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Lancet. 2014 Mar 1;383(9919):828-40. doi: 10.1016/S0140-6736(13)60630-3. Epub 2013 Aug 6.

Genetics of dementia.

Author information

1
School of Public Health, University of Sydney, Sydney, NSW, Australia; Neuroscience Research Australia, Randwick, NSW, Australia; Huntington Disease Service, Westmead Hospital, Westmead, NSW, Australia.
2
Neuroscience Research Australia, Randwick, NSW, Australia; University of New South Wales, Kensington, NSW, Australia.
3
Department of Medical Genetics, Sydney Children's Hospital, Randwick, NSW, Australia.
4
Neuroscience Research Australia, Randwick, NSW, Australia; University of New South Wales, Kensington, NSW, Australia. Electronic address: j.kwok@neura.edu.au.

Abstract

25% of all people aged 55 years and older have a family history of dementia. For most, the family history is due to genetically complex disease, where many genetic variations of small effect interact to increase risk of dementia. The lifetime risk of dementia for these families is about 20%, compared with 10% in the general population. A small proportion of families have an autosomal dominant family history of early-onset dementia, which is often due to mendelian disease, caused by a mutation in one of the dementia genes. Each family member has a 50% chance of inheriting the mutation, which confers a lifetime dementia risk of over 95%. In this Review, we focus on the evidence for, and the approach to, genetic testing in Alzheimer's disease (APP, PSEN1, and PSEN2 genes), frontotemporal dementia (MAPT, GRN, C9ORF72, and other genes), and other familial dementias. We conclude by discussing the practical aspects of genetic counselling.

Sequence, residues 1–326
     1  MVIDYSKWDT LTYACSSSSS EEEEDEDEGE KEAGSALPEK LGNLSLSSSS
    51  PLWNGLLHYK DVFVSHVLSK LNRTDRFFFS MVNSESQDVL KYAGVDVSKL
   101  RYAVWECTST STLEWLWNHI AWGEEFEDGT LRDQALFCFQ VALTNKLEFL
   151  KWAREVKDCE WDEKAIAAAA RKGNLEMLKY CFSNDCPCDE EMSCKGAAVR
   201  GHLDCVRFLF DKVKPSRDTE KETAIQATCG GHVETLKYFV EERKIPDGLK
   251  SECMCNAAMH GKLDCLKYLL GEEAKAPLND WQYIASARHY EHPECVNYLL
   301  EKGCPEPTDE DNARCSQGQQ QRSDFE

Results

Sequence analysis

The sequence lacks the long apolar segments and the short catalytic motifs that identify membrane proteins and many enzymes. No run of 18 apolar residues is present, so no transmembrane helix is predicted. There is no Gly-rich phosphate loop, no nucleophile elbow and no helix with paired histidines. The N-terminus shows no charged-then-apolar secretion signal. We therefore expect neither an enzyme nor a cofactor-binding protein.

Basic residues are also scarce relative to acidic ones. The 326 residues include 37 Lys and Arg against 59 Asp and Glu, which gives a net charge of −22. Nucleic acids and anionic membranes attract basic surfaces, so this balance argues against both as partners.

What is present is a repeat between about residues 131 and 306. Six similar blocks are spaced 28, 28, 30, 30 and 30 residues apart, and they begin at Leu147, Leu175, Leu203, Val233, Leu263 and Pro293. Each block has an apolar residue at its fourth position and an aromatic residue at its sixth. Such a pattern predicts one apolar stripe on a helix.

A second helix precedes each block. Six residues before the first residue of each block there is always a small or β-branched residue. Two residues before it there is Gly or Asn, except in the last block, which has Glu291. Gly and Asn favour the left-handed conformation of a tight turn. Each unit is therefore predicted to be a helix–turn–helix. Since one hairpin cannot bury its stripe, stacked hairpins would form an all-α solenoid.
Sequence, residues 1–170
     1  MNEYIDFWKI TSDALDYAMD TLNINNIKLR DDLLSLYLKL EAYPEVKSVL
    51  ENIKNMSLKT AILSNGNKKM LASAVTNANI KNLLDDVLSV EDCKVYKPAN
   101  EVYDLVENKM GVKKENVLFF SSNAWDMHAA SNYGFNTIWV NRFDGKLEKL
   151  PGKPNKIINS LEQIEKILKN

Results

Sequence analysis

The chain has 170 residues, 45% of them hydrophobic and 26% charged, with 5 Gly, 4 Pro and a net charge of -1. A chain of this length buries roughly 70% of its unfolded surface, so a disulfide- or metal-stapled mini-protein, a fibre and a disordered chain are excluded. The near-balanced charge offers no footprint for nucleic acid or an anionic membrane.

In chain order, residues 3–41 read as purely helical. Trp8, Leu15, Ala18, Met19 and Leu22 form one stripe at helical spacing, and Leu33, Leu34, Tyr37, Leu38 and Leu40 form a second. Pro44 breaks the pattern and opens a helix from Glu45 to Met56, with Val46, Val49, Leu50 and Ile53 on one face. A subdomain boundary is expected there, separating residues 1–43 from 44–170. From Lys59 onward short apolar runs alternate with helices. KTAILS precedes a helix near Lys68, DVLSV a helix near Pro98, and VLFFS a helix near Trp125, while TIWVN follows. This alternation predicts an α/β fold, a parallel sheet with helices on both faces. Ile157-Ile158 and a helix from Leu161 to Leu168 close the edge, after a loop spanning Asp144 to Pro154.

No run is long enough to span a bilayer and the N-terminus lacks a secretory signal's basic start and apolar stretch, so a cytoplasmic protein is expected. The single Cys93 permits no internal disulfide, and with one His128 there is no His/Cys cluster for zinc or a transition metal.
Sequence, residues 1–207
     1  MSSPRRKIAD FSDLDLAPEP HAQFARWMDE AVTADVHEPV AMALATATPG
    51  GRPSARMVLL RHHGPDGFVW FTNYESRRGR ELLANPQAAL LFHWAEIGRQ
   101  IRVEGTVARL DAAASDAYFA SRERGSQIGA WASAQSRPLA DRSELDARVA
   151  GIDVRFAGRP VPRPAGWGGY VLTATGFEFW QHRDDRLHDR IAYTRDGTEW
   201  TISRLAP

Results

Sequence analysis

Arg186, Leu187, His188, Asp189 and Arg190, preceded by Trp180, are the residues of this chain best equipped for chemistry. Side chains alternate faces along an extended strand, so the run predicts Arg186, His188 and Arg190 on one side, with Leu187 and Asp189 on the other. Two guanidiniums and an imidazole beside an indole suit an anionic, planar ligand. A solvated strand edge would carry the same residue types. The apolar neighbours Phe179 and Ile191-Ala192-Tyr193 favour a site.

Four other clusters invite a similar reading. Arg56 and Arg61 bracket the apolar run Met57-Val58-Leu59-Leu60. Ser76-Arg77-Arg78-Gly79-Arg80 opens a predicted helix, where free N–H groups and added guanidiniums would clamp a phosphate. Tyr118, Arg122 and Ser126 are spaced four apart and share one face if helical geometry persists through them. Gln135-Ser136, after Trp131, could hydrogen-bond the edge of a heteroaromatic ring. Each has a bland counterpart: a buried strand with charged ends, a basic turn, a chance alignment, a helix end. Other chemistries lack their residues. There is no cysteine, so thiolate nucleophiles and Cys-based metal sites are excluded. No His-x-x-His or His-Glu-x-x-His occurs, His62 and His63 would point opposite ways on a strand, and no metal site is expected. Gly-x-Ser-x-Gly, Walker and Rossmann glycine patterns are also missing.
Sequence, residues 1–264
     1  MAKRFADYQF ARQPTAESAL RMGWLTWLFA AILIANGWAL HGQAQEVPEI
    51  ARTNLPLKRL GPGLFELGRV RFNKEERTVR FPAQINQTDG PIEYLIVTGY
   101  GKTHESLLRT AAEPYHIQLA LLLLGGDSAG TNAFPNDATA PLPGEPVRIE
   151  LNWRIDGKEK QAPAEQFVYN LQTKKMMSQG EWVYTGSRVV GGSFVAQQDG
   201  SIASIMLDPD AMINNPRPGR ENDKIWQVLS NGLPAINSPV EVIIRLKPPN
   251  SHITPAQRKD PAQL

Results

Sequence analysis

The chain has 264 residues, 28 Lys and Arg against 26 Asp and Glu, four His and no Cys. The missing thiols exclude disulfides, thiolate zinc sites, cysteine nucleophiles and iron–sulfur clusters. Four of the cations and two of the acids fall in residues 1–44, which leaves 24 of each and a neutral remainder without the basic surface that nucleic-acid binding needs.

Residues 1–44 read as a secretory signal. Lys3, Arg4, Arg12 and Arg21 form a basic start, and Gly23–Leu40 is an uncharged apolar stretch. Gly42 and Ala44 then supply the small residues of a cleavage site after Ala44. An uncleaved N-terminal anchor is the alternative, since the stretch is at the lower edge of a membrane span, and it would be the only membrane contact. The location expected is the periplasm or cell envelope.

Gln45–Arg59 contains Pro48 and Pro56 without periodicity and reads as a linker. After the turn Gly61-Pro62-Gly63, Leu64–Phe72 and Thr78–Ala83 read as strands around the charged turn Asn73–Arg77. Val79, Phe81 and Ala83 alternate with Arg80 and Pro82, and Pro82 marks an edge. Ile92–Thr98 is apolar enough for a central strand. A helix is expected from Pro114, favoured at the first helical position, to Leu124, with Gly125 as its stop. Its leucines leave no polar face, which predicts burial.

PMID:
23927914
DOI:
10.1016/S0140-6736(13)60630-3
[Indexed for MEDLINE]

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